In previous studies, the response of this fluorescence to external factors was studied based on the water immersion of Pterocarpus wood [18].The fluorescence produced by different solvent immersion solutions was studied. Researchers investigated the effect of this fluorescent substance on the external environment (pH, solvent polarity, etc.), and used the special response of red sandalwood species to fluorescence in the identification of red sandalwood species and achieved good results. However, they did not further research the source and production mechanism of fluorescence. Savero [19] used the differences in fluorescence in heartwood extracts from tree species to non-anatomically identify different tree species. They found a large difference in fluorescence in the extractives’ solutions from different tree species. This was due to the different species of extractives from different tree species. The fluorescence of Pterocarpus wood should be influenced by the kind of extracts. Several studies were undertaken to isolate this fluorescent substance [20]. However, there is no clear method for separating fluorescent substances. In addition, it is worth mentioning that Basudeb [21] performed a fractionation operation on the water infusion of Pterocarpus wood, separating the fractions with fluorescence. Then, the functional groups present in it were analyzed by a Nuclear Magnetic Resonance Spectrometer, the structure of a fluorescent molecule was described, and the fluorescent properties of the molecule were proven. However, the substance was inferred, so its authenticity remains to be verified. At present, there are few studies on the categories and possible mechanisms of this fluorescent substance. In fact, the work that has not been done is very meaningful. Only by determining the composition of the fluorescent substances in the species can they be reasonably applied according to their properties. To explore the types of fluorescent molecules in the extracts, the first step is to use a suitable method to separate the molecules in the mixed system. Consequently, further studies on the fluorescence properties of Pterocarpus wood extract using different methods are required.
In our experiments, the ideas were combined and improved from previous studies undertaken by others. The change in fluorescence with the change in environment was analyzed by two-dimensional fluorescence spectroscopy, while probing the species of fluorescent molecules in different solvent extracts using LC-MS. The analysis of fluorescent substances by chemical mechanism was performed while using standards for comparison. This helped to explore the application of fluorescence while compensating for the previous methods of fluorescence studies. According to the analysis, it was preliminarily determined that the fluorescent substance comes from the wood extract. In order to increase the concentration of the extracted fluorescent substances, we chose Soxhlet extraction. In addition, the emission wavelengths of the fluorescence in the extract obtained during extraction with different extraction solvents were different. This means that the wood needed to be extracted with different solvents (water, ethanol, chloroform, ethyl acetate, n-hexane, etc.). In addition, the heartwood of this wood had more extracts than the sapwood. The existence of fluorescent molecules only in heartwood extracts can be verified by the extraction and observation of the heartwood and sapwood. Extracts contain a large number of aromatic compounds, mainly tannins and flavonoid [22]. In fact, Jure [23] successfully used liquid chromatography mass spectrometry (LC-MS) to analyze the species of some extracts of Canadian Goldenrod under different solvent extracts. However, they did not explore the types of fluorescent molecules in the extracts. In fact LC-MS is an effective method for the quantitative and qualitative analysis of small molecules [24]. Moreover, different kinds of extracts were obtained using different extraction solvents. This led to the different fluorescence effects of the extracts in different solvent systems. We can use extracts in different solvents for LC-MS analysis. While obtaining the chemical molecule species in the extracts of different solvents, the solvent effects on the fluorescence intensity and wavelength were explored. This helped to rationalize the selection of solvents in identifying tree species and utilizing fluorescence. A large number of substances in the extract can be screened by LC-MS [25]. The molecules can be screened according to the fluorescence mechanism. Afterward, comparing standard molecules can characterize the type of fluorescent molecules. In addition, the study of this fluorescence needs to serve the utilization. Therefore, the intensity and wavelength of the fluorescence in different extracts with environmental variations were qualitatively analyzed. The response of the fluorescence properties to environmental factors (external forces, temperature, pH, and molecular concentration) was studied by quantitative fluorescence two-dimensional spectroscopy. This helps in the rational application of the fluorescence properties of rosewood.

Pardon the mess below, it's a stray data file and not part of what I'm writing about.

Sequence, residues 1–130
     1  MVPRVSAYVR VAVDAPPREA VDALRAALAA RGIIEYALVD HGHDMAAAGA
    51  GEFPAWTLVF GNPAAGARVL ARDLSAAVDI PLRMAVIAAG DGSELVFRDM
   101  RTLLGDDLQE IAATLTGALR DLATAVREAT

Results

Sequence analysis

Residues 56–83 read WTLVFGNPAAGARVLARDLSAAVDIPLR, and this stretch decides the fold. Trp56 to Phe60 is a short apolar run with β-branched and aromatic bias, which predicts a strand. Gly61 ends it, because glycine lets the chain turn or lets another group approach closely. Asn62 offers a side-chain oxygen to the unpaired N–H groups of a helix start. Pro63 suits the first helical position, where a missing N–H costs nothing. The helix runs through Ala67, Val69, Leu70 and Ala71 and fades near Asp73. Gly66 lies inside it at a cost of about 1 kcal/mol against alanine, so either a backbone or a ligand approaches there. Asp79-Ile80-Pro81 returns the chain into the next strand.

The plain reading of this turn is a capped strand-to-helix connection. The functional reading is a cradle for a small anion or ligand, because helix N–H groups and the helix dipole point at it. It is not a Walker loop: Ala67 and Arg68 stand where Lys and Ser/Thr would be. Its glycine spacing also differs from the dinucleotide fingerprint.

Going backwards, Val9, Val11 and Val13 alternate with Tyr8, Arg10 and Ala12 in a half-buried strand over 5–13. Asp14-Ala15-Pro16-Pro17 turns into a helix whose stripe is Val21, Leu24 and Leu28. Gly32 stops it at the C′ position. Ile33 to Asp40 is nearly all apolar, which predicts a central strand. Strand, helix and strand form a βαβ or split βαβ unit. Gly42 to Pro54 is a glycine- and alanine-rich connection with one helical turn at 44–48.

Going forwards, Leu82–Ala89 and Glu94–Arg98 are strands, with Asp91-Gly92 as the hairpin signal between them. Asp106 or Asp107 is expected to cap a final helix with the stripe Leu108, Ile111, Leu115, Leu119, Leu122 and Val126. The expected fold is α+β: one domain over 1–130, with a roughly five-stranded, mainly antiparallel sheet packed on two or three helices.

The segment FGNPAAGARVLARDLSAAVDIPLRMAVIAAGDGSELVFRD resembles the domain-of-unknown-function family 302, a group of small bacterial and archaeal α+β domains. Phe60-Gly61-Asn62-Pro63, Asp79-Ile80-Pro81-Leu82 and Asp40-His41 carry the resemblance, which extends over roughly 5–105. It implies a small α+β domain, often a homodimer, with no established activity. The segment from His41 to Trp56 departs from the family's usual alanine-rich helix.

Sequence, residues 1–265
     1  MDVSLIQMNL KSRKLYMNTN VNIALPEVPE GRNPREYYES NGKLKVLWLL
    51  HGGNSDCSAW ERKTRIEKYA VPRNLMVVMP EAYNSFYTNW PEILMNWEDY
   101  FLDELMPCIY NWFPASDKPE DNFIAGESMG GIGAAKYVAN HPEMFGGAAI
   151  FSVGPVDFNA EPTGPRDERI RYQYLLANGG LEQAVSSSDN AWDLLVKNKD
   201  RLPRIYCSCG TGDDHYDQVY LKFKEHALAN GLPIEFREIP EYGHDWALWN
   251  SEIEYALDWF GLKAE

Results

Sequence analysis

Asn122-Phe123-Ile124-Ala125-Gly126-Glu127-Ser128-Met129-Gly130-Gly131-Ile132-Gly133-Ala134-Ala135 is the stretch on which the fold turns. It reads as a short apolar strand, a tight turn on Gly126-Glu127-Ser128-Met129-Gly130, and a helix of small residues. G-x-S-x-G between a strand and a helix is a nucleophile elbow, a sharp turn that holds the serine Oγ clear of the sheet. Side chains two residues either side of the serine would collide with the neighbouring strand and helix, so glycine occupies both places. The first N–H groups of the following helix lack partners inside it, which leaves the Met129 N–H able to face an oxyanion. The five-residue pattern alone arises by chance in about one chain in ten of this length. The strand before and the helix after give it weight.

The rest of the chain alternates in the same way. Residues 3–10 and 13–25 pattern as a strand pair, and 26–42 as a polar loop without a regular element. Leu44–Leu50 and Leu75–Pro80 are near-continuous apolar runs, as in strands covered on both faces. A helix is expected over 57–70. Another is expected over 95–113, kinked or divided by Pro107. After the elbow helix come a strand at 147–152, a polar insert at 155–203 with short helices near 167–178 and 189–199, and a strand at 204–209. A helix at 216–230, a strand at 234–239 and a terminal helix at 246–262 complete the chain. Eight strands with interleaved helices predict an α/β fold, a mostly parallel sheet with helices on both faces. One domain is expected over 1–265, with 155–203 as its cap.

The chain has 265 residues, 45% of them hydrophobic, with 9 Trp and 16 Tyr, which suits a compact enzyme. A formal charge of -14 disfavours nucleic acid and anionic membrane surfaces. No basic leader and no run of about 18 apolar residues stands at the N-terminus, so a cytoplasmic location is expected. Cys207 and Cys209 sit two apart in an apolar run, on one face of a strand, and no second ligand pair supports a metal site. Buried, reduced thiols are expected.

2. Materials and Methods

2.1. Materials